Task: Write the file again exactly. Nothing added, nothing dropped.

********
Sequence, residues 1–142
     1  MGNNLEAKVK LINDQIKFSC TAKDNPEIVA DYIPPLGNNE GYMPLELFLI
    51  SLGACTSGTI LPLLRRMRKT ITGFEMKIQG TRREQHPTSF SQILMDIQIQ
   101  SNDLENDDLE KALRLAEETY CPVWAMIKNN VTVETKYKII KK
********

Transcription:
Sequence, residues 1–142
     1  MGNNLEAKVK LINDQIKFSC TAKDNPEIVA DYIPPLGNNE GYMPLELFLI
    51  SLGACTSGTI LPLLRRMRKT ITGFEMKIQG TRREQHPTSF SQILMDIQIQ
   101  SNDLENDDLE KALRLAEETY CPVWAMIKNN VTVETKYKII KK